Toppa Top 15: Edward Seaga Selects 15 Jamaican Music Classics

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8. June J.C.” Lodge, “Someone Loves You Honey” (1980)

Another fine example of how American tunes can get ultimately overshadowed by prominent reggae covers is a little more identifiable this time around. In 1978 Charley Pride, the first African-American artist to achieve legendary status in country music, had a No. 1 hit with “Someone Loves You Honey.” And so when June C. Lodge, a UK-born Jamaican, was just starting her career in music, she was asked by the Joe Gibbs team to record that particular song, at a particular time when Joe Gibbs was branching out into American territory.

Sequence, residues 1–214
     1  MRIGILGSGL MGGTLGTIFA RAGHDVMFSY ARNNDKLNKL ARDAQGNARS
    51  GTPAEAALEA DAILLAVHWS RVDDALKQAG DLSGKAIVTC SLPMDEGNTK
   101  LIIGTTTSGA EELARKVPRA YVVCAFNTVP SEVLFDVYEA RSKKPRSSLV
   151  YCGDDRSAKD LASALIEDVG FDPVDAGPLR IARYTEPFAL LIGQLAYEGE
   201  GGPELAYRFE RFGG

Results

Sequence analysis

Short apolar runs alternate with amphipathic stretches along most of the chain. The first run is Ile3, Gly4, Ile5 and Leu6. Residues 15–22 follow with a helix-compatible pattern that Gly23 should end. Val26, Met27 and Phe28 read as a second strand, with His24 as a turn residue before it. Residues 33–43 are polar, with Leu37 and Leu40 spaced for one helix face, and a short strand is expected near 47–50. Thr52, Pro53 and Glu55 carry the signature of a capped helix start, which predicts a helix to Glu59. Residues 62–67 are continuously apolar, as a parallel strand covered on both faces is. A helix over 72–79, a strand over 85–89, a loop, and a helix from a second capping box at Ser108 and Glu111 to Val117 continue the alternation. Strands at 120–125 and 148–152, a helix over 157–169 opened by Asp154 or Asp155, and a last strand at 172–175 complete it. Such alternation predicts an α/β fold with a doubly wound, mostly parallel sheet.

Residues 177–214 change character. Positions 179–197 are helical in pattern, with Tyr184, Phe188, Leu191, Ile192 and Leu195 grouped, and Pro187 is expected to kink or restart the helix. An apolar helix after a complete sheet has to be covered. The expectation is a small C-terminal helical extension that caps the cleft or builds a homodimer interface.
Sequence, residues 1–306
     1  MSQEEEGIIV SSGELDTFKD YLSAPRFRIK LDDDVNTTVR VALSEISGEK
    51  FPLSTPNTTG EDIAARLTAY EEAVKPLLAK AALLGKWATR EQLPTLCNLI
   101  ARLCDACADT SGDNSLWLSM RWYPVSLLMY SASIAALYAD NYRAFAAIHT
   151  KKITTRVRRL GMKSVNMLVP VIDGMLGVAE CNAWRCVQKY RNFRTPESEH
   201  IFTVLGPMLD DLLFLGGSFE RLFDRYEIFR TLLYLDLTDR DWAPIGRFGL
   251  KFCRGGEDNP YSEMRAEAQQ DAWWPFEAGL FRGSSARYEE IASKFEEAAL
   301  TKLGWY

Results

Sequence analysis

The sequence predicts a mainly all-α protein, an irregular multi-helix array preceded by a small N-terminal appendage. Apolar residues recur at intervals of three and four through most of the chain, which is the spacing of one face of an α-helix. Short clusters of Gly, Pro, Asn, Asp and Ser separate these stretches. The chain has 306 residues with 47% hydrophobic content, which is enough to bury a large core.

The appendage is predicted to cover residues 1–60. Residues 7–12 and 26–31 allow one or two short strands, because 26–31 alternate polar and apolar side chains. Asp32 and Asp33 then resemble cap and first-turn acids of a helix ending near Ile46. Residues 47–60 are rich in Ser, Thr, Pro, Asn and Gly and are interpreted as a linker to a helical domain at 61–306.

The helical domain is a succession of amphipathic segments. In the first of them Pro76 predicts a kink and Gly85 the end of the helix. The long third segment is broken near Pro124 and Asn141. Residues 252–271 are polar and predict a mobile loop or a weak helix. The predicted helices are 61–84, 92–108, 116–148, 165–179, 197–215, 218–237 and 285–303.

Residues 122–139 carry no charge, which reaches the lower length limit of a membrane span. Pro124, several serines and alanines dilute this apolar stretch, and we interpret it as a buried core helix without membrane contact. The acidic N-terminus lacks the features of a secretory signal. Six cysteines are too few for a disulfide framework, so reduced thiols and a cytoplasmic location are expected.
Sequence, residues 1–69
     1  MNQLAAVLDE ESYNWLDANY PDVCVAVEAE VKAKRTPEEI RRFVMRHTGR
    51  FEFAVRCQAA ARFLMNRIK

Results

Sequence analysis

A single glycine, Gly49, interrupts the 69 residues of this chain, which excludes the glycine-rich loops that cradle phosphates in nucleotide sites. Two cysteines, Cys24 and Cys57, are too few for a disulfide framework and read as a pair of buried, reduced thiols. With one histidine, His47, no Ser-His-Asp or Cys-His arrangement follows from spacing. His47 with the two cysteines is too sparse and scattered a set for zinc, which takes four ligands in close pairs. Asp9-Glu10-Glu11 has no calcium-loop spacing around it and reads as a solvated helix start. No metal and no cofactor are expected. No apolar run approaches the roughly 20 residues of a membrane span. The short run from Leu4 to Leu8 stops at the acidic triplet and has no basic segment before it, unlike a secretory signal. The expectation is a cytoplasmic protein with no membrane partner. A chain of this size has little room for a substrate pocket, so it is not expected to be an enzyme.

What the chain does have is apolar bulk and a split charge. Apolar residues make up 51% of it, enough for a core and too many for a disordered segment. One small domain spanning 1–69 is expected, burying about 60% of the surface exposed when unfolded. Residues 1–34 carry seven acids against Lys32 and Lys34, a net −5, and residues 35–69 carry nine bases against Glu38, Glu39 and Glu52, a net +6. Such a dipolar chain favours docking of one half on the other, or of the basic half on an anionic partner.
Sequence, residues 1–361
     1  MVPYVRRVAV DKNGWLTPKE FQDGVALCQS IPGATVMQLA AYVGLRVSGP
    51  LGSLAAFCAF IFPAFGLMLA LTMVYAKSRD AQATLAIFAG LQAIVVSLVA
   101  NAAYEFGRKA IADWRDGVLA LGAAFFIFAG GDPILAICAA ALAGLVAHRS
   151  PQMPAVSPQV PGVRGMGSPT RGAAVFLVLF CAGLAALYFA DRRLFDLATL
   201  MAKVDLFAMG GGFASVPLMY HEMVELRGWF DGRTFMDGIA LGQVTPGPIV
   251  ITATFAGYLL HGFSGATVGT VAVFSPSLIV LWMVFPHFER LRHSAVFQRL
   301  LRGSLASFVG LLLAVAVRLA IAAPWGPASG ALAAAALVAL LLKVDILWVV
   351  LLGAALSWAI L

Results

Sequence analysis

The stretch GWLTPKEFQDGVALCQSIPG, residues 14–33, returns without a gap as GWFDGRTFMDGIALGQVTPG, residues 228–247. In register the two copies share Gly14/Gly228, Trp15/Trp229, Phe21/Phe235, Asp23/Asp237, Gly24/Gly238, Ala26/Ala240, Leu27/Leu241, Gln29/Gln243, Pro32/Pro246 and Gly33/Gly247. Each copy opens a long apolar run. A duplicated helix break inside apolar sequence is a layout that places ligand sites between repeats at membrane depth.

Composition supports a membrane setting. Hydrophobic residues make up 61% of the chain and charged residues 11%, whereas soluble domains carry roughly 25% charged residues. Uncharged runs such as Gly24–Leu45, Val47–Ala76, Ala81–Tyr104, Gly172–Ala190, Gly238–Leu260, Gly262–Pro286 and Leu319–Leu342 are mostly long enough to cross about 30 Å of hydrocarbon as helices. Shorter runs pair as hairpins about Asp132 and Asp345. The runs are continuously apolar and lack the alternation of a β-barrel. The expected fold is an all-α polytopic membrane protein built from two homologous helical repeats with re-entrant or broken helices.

The timing could not be more perfect. After it was recorded in 1980, it was released in Jamaica on the Belmont subsidiary of Joe Gibbs music, and a few months later, in 1981, on a US release as a disco mix with the deejay cut by singer George Nooks. This ultimately became one of the best selling reggae 12-inch records in America. Aside from making an attempt to mirror the success of “Someone Loves You Honey” for Joe Gibbs with a cover of Leo Sayers’ “More Than I Can Say” which was a minor hit J.C. Lodge went on to become even more successful as a singer, although the extent of the success would not be seen until 1988 when she recorded her next biggest hit, “Telephone Love,” with Augustus “Gussie” Clarke.

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